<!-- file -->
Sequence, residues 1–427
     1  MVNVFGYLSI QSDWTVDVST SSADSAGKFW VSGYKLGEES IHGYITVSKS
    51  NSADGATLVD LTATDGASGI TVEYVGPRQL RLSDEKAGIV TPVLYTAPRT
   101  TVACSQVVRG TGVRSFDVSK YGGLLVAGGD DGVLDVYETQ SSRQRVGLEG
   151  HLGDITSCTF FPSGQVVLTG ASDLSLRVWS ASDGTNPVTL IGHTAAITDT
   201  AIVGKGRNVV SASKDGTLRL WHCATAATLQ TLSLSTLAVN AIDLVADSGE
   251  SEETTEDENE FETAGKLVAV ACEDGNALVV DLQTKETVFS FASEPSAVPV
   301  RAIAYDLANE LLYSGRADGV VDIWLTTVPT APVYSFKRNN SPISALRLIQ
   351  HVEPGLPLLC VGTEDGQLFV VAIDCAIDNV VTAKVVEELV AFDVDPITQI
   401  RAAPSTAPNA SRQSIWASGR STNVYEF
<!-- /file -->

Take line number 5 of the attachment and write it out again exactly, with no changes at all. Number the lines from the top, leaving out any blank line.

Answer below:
   151  HLGDITSCTF FPSGQVVLTG ASDLSLRVWS ASDGTNPVTL IGHTAAITDT